Big power diplomacy: China, Britain enhance trust and trade

BEIJING, Oct. 26 (Xinhua) — During what was dubbed as a “super state visit” to Britain, President Xi Jinping witnessed the signing of deals worth 40 billion pounds (61.5 billion U.S. dollars).

The most talked-about project will see China holding a one-third stake in Britain’s first new nuclear plant in a generation.

Observers are praising the China-Britain partnership as exemplary in China-Europe cooperation and beyond.


China’s approach to dealing with major powers was clarified by Xi during his visit to the headquarters of the United Nations; a relationship featuring non-conflict, non-confrontation, mutual respect and win-win cooperation.

His state visit to Britain was regarded as many as a test for China’s diplomacy with big powers, and it has proven to be fruitful.

Britain rolled out the red carpet for Xi, the first Chinese head of state to visit the country in a decade. Queen Elizabeth II hosted an informal lunch and formal banquet. While Prime Minister David Cameron took Xi to see that age-old British institution — the pub.

“The Financial Times” said Xi’s visit was the “most important diplomatic visit to Britain in several years,” and would recalibrate the UK’s great-power relations.”

During the visit, China and Britain issued a joint declaration on their “global comprehensive strategic partnership for the 21st century,” which will usher in a lasting, open, win-win “golden era.”

“The new definition of bilateral ties reflects both countries expect to achieve win-win cooperation with each other, but not only at the bilateral level,” said Feng Zhongping, vice president of China Institutes of Contemporary International Relations.

As globally-influential countries, the China-Britain partnership can set an example for China-Europe cooperation and at the global level, Chen Xin with the Chinese Academy of Social Sciences said.

“Though there are disagreements between China and Britain, both countries can learn to manage them. As long as Britain adheres to the consensus reached with China, the differences won’t affect bilateral cooperation,” said Cui Hongjian, a researcher at the China Institute of International Studies.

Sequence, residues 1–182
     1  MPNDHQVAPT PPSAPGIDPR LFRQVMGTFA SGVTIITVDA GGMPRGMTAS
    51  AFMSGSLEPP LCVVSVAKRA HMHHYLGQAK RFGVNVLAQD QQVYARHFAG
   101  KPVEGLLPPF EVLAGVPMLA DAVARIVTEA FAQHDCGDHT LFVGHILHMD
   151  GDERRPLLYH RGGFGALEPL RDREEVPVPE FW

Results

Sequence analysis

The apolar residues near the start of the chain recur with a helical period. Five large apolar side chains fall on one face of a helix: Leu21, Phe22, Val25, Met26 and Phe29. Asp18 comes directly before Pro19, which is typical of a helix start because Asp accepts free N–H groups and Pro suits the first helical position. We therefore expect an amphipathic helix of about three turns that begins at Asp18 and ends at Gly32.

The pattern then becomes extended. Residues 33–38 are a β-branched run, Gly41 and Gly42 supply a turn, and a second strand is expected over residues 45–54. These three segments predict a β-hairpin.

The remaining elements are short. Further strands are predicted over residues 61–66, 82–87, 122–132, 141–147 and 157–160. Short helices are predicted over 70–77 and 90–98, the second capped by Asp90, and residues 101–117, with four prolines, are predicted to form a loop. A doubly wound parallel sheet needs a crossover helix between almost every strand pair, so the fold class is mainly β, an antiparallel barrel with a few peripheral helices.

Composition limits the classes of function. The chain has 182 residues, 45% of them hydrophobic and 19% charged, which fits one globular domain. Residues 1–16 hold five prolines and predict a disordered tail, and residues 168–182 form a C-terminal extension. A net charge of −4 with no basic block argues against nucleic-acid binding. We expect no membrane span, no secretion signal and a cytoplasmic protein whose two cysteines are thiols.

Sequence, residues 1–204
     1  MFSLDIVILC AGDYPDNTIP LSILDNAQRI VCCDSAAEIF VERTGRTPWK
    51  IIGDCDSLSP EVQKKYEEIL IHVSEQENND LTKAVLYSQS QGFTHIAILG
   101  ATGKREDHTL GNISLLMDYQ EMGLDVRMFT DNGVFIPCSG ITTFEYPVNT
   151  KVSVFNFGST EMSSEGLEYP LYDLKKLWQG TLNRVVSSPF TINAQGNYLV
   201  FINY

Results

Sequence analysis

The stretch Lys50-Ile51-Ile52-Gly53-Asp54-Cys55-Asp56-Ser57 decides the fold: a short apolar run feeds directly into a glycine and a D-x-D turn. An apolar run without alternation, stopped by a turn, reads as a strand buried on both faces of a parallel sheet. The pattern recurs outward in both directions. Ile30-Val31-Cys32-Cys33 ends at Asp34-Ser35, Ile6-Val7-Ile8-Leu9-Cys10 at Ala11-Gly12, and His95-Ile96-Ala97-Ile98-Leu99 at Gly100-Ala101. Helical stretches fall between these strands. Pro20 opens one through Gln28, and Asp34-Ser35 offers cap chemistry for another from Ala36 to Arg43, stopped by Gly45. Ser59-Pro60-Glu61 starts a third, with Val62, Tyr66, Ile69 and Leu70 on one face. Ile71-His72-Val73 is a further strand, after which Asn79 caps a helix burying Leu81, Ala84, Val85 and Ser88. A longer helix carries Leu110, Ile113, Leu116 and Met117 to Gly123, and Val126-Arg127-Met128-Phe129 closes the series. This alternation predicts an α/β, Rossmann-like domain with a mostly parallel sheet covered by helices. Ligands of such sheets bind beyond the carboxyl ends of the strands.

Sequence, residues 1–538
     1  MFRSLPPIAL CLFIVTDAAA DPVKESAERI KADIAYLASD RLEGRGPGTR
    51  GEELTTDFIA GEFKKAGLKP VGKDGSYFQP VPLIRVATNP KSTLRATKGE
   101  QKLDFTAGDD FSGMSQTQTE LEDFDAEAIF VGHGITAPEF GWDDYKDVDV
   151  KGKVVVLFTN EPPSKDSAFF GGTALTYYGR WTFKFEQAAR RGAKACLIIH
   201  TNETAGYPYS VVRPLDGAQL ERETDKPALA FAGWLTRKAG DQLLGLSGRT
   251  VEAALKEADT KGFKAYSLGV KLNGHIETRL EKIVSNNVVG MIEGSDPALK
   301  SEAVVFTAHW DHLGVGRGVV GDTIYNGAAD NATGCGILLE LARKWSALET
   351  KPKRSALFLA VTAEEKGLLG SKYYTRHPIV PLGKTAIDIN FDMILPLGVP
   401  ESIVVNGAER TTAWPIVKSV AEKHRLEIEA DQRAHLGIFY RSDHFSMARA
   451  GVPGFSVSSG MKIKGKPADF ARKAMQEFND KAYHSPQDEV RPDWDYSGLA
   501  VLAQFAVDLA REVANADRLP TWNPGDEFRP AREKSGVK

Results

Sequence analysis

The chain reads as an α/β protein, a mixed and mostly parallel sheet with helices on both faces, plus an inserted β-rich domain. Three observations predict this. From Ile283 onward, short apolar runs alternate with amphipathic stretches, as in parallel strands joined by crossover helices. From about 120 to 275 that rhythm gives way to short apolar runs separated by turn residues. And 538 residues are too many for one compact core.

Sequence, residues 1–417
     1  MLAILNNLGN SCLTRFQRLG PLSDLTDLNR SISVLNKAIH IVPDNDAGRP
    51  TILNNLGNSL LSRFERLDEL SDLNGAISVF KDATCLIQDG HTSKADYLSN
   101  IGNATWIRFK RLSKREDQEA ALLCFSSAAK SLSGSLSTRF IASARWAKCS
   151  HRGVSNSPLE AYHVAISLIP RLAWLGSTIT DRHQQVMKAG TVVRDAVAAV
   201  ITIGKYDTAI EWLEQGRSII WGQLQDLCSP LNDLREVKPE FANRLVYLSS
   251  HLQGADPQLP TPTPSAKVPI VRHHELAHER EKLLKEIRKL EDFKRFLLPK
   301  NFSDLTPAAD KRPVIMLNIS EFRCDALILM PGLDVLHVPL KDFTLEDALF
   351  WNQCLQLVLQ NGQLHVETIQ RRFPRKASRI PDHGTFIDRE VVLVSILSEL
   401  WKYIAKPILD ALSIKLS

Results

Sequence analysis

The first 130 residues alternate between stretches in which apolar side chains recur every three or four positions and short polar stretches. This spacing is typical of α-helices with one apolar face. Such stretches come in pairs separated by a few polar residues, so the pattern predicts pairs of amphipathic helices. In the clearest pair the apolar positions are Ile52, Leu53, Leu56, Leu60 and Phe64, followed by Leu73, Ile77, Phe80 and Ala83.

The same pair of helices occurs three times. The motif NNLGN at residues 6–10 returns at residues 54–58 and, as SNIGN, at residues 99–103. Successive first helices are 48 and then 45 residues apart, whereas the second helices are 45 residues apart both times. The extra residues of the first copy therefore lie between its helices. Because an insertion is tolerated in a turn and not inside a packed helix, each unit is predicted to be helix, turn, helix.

Chinese and French companies signed an agreement to build an 18 billion pound nuclear power plant at Hinkley Point C, with the CGN-led Chinese consortium holding a one-third stake.

China’s third-generation nuclear reactor design, known as Hualong One, is expected to be used, following British inspections.

Cameron described the Hinkley Point C deal as “historic” as the project would provide clean electricity to nearly 6 million homes and create over 25,000 jobs.

“Britain […] lacks the funds for the nuclear power plant due to the international financial crisis and the European debt crisis,” said Wang Yiwei, a professor of international relations at Renmin University.

For China, the gains from the project go beyond economics. More important is the knock-on affect the project will have for China in the overseas nuclear market.

“Investment into overseas nuclear power plant is usually more substantial than at home. We will get returns from electricity sales and equipment procurement, because a large amount of this will be done in China,” said Zhou Dadi, a researcher with the energy studies center of the National Development and Reform Commission.

“The nuclear power plants in Britain will be benchmark projects for Chinese companies to develop the global market and increase people’s confidence in Hualong One in emerging markets,” CGN chair He Yu said.

Other deals included an agreement for BP to sell Huadian up to 1 million tonnes of liquefied natural gas per year; and Carnival UK and CSSC agreed to build seven new cruise ships over the next 10 years, among others.

During Xi’s visit, China’s central bank issued its first offshore renminbi note worth 5 billion yuan in London, and the two countries agreed to increase currency swaps.

These close economic and trade collaborations show that Britain is confident of China’s economic growth, and its leaders are aware of the opportunities emerging from China as it transitions from an economy driven by export and manufacturing to investment and services.

“By working with China to usher in a ‘golden era’, Britain has made it clear that they are willing to seize all the opportunities from China’s reform and growth,” Wang added.


The president often attends cultural activities during his foreign visits, his time in Britain was no different.

Cameron accompanied Xi to a pub and the two enjoyed a plate of fish and chips washed down with a pint of British ale. Xi also watched a performance featuring British and Chinese artists at an creative-industry exhibition.

Xi also addressed the opening ceremony of the annual Confucius Institute meeting, saying the essence of Chinese and British culture had sparked a fantastic “chemical reaction” into the thinking and lifestyles of both nationalities through people-to-people exchanges.

“Britain is the birth place of modern culture and sports. President Xi’s activities reflect this admiration,” said Cui Hongjian, a researcher at the China Institute of International Studies.

Xi, a well known soccer fan, visited Manchester City Football Academy with Cameron. Xi called for more exchanges and cooperation between China and Britain on soccer as well as other sports.

For Britain, tourism has been pegged as an area that will generate more revenue. Britain announced that from 2016 the validity of new visitor visas for Chinese tourists will be extended from six months to two years.

For its part, during Xi’s time in Manchester, China announced that a direct flight linking Beijing and Manchester will be opened June 2016.

By strengthening people-to-people exchanges, China-Britain relations will have a more solid social foundation, analysts say. Enditem

Editor  Xuefei Chen Axelsson

Leave a Reply